13Montessori approach to teaching math focuses on putting concrete objects in to the children’s hands in order for them to experience abstract concepts through visual, auditory, and kinesthetic experiences, rather than just a verbal explanation that is too difficult for their young minds to understand.

The math materials isolates one concept for the child to absorb. The materials are hands-on and concrete and represent all types of quantities, which the child is free to manipulate as he or she counts. The child not only sees the quantities for 1, 10, 100, etc., but he or she can hold them in his or her hand. Later, the child is shown the written symbol, or number, for that quantity. This process allows the child to develop a clear inner image of mathematical concepts that may otherwise seem too abstract. After years of working with these materials, as the child moves toward more abstract thinking, the knowledge becomes second nature.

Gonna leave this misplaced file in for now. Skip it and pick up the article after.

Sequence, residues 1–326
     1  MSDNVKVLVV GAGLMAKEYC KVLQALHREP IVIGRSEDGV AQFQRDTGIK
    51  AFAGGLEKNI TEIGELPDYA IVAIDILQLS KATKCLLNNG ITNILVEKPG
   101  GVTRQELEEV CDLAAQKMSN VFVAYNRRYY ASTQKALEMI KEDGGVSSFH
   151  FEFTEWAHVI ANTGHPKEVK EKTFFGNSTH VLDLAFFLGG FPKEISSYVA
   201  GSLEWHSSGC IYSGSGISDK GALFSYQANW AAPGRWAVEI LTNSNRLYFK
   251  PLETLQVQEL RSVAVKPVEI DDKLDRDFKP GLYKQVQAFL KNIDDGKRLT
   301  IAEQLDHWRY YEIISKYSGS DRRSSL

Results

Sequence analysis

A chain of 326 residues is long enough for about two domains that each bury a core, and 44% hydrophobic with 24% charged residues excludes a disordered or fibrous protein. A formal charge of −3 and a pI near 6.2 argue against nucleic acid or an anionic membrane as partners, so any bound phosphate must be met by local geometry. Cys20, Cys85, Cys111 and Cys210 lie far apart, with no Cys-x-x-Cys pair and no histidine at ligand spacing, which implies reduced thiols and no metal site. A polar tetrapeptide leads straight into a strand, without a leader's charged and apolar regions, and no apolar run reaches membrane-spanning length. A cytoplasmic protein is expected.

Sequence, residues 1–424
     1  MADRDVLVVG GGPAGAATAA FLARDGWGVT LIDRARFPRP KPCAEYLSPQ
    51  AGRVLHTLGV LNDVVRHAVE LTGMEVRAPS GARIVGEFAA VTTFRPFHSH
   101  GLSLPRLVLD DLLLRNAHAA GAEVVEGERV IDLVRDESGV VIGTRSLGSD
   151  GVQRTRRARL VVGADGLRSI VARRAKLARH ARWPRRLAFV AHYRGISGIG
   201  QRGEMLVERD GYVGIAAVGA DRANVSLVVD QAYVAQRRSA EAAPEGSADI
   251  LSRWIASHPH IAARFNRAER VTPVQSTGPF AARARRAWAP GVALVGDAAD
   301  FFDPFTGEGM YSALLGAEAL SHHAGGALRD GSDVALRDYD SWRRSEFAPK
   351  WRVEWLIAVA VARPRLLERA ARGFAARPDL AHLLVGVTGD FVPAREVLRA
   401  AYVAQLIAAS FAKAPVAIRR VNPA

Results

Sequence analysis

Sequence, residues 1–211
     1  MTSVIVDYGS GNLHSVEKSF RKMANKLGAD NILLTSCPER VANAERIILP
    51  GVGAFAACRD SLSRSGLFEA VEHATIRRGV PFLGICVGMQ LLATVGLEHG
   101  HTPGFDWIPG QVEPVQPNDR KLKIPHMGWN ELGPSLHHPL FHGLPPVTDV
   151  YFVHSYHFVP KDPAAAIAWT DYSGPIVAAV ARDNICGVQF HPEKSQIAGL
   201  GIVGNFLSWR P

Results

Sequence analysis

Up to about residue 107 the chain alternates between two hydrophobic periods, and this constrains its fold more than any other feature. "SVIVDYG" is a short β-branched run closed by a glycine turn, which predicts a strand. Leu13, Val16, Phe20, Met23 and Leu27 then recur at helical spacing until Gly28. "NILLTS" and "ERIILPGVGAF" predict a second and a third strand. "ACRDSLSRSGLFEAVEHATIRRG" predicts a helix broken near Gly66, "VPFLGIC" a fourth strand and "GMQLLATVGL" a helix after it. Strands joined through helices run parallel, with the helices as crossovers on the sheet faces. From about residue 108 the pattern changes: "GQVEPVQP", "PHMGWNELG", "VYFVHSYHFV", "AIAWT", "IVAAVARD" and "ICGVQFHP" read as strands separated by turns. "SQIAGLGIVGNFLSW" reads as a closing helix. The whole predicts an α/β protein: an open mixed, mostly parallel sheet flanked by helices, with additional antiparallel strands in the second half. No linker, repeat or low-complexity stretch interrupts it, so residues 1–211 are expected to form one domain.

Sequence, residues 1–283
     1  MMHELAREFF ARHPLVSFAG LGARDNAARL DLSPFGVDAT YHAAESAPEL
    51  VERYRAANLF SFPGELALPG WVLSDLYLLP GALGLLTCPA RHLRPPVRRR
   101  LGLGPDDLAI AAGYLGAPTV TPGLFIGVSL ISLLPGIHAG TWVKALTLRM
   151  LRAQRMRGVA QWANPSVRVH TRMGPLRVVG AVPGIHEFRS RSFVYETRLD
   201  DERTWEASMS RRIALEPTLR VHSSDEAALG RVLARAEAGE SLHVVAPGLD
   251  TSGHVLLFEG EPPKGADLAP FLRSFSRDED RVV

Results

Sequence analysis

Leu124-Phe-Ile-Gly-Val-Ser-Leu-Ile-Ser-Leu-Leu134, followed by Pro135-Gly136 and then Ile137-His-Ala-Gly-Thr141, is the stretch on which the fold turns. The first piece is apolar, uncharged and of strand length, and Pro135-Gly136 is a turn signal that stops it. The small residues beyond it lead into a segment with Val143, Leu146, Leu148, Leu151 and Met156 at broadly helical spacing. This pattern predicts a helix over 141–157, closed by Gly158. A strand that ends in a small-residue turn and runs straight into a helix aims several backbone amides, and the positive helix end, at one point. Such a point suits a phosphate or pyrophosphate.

When the child is ready for mathematical operations like addition, he/she can actually perform the operation with the concrete materials. There are a variety of materials the child can use for the same operation. These activities not only maintain the child’s interest, but allows for much repetition. In this way, the tables are memorized and the child gains a true understanding of the operation. The Montessori approach also allows children to apply their knowledge in real-life: children are encouraged to use their newfound math skills while helping out with cooking, shopping, or working outside.